After a quick check-in, my internet article lead us to GT Fish & Oyster. I don’t know about you, but I enjoy going on a trip and just blowing it out on the first meal: $160 lunch, middle of a Friday? Sure, we’re vacationing. Obviously, value exists. But when we’re talking about a noteworthy meal—indeed, probably one of the best meals I’ve had in three years and one that I would feel compelled to talk about for weeks to come—I probably would have paid twice that much for the experience. To be fair, a restaurant with homemade hot sauce would get five stars from me even if they were serving up warm plates of Mamwich, but throw in oysters, liquor drinks, fish tacos, beautiful weather, vacation and … Yes!!!! Very good!!!!!
Next, we took the train to the Art Institute of Chicago. I wanted to see, among other things, the Seurat from Ferris Bueller’s Day Off. The museum is huge and, like a major metropolitan city’s art museum should be, completely overwhelming. But small moments seemed to abound. At one point, we walked into an enormous room adjacent to Chagall’s glowing-blue-stained-glass America Windows. The room was supposedly the original trading floor for the Chicago Stock Exchange. It was ornate and largely empty but for about three people, sitting in wooden chairs in the corner, one of whom was pounding out classical music on a piano. The acoustics seemed special in this place and the sound reverberated. We lingered listening to her play, staring at the ceiling. This went on for several very long minutes before eventually a security guard came and shut her down. We moved on.
After a walk through Millennium Park, a momentary retreat to our hotel, and a very long Uber ride to dinner at Community Tavern (Yummy as all get-out but kind of in the middle of nowhere for us tourists!!!), we went to B.L.U.E.S., a rhythm and blues bar across the street from Kingston Mines, another famous R&B spot. I compare the scene in some ways to some of the better honky tonks in downtown Nashville—in essence, a hole-in-the-wall slummy bar, primarily packed with tourists on a late Friday night. But the prevalence of tourists doesn’t seem to take away from the authenticity of the locale and ultimately doesn’t mean the music isn’t good. Because the music is good. The band consisted of a guitarist in a bright red suit sitting down and wailing, a small set of drums and maybe a horn, crowded onto a little stage in the corner. At first we had to fight for a seat, but as the night wore on, we were able to secure spots at the bar and drink Goose Island IPAs and, for some reason, MGDs. My cousin who lives in the area met us for drinks. She told us she had endeavored for the past five days not to spend a single dollar on anything. I told her, you’re good here; next MGD is on us.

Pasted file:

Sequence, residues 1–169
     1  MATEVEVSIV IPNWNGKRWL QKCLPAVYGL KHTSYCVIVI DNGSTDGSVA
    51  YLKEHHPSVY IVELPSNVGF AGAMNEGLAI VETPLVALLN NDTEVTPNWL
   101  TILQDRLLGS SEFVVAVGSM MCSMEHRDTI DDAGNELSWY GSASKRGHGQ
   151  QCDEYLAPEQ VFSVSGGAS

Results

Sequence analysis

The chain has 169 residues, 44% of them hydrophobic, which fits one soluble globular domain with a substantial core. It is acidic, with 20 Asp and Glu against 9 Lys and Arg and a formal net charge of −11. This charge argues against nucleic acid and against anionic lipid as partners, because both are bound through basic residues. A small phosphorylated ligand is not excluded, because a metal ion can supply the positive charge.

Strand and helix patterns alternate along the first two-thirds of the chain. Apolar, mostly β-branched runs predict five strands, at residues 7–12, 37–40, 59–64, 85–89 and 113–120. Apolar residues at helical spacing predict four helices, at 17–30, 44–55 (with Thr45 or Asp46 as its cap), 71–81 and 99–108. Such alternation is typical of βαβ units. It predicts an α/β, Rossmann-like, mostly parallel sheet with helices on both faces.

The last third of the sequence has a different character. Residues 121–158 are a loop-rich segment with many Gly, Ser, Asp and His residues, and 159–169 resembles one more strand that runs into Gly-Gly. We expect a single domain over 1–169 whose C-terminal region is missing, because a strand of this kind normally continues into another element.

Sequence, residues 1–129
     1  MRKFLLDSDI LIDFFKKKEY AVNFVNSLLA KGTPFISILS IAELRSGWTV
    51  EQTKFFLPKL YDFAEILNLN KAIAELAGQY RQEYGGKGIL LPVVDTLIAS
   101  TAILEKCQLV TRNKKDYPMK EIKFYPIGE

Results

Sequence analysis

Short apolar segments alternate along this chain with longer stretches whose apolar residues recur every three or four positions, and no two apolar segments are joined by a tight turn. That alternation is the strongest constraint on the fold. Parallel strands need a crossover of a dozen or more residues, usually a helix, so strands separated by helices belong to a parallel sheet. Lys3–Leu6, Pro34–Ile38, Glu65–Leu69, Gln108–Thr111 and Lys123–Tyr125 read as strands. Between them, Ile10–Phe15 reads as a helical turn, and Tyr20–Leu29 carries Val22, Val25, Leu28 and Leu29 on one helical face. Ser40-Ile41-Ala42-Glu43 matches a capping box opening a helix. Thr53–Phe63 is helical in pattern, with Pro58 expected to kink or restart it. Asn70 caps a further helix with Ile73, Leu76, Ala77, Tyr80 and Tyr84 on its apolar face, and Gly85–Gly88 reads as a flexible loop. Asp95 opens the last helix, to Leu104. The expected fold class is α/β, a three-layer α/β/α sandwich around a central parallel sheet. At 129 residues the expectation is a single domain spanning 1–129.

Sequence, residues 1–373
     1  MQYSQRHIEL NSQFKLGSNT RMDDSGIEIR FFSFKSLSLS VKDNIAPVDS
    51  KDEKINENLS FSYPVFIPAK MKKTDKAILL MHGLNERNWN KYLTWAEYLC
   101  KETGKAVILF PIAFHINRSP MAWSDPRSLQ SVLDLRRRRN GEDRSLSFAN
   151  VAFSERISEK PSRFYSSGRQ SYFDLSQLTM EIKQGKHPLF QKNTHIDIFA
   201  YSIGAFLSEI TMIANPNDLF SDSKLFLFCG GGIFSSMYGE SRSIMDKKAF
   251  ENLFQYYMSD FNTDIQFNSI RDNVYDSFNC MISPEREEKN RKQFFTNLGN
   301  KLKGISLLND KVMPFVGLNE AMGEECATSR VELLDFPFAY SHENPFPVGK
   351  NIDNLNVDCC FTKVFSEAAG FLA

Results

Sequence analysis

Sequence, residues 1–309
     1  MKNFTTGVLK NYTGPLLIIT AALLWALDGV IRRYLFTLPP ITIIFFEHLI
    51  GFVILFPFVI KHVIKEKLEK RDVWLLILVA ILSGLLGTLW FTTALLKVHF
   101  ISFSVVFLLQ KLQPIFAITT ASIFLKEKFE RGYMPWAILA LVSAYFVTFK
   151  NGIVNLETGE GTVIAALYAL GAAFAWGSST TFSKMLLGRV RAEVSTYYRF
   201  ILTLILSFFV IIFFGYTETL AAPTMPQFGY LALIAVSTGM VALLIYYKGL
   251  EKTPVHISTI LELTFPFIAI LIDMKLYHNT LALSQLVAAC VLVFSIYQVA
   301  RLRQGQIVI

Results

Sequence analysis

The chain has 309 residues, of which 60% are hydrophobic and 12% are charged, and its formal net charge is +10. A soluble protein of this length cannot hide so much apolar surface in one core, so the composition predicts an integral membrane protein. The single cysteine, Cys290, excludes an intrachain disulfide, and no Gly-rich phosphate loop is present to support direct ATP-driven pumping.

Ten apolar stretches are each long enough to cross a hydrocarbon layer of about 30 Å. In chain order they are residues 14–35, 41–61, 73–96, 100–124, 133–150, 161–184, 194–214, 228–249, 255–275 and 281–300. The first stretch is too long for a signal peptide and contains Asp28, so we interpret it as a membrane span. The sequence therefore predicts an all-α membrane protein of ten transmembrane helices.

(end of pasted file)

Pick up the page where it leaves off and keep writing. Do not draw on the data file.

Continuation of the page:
I went to the bathroom during one of the set breaks. The bathroom was straight through the crowded bar, directly past the little stage, in a back alcove. I had to stand in line for a moment and directly across from the bathroom line sitting on a bench with his head down on his forearm, apparently trying to get some sleep, was the man in the bright red suit, the main guitarist.
It appeared to be a momentary scene of pathos, of suffering. Our entertainment for the night, wearied, exhausted, trying to catch just the tiniest bit of rest between sets while the crowd of tourists clamored for more. Sad, perhaps, but as a guy I knew in college used to say, life isn’t just Cheetos and HJs. Or in our case, a couple’s weekend. Rhythm and blues doesn’t spring fully-formed from nothing and you can’t cut it off with the click of a remote control or the closing of a barroom door.
Another jabroney tourist came back to the bathroom alcove, saw the musician, tried to shake his hand and when that failed, went into the vacant women’s stall. I finally got in and out quickly and went back to the bar. My MGD was waiting for me.
BRUNCH + BLEACHED BOTTOMS
Saturday breakfast was at Trencherman in Wicker Park, where we strolled in like locals at 9:01 a.m., a minute after it opened, waving our Open Table brunch reservations that we dutifully printed off and kept snugly in our manila vacation folder. Needless to say, we were the only two people in the restaurant. But we slammed coffee, some type of grits stew, maybe a bloody and then walked back through the neighborhood, stopping off to buy copper salt-and-pepper shakers and peruse vinyl shops and Myopic, a used book store.
This all happened in the late summer, when it was warm. But in Chicago of course, even at that time of year, there was no guarantee. Sunday, indeed, was foggy and cool, but Saturday was glorious, perfect weather from the start. That morning when we woke at 7:30 or so, high in our hotel, we could see all the way up the side of Lake Michigan and there were already volleyballers out hanging nets and practicing their bumping. Later in the day, after our brunch, we decided to go for a run up the coast, so to speak.
And again, a new marvel revealed itself to me: the scene. Perhaps what’s most notable about it is the regional difference. I simply can’t imagine a scene even remotely similar happening just a short plane-hop away in Nashville. Maybe it does; maybe Chicagoans marvel at the Iroquois Steeplechase horse race, but this was more spontaneous. As I’m sure many of you know, the coast of Lake Michigan is lined with a little stretch of beach. And on this particular day, it was like one of those old Disney national park cartoons: the park opened, or in this case, the sun rose in the East, and a cloud of people and things immediately rushed in and filled the beach to the brim, all the way up the coastline: volleyballers, sunbathers, umpchaumpchaumpachaloompas clubbing out with drinks in hand, young people out for a picnic with solo cups, chess players, old men, chess-playing old men, young families cruising along the running lanes in reclining beach bikes, a stray weirdo or five, a comatose middle-aged woman, sprawled like a starfish, sunbathing on asphalt, poised to roll into the sea.
I gazed at the cross section of people on this little stretch of sand between the blacktop of a bustling city and the swirling waters of a lake that no one really wants to swim in, as we ran the footpath, dodging bikers and strollers. We eventually meandered to the end of a pier that looked out into nothing. The city towers reigned behind us.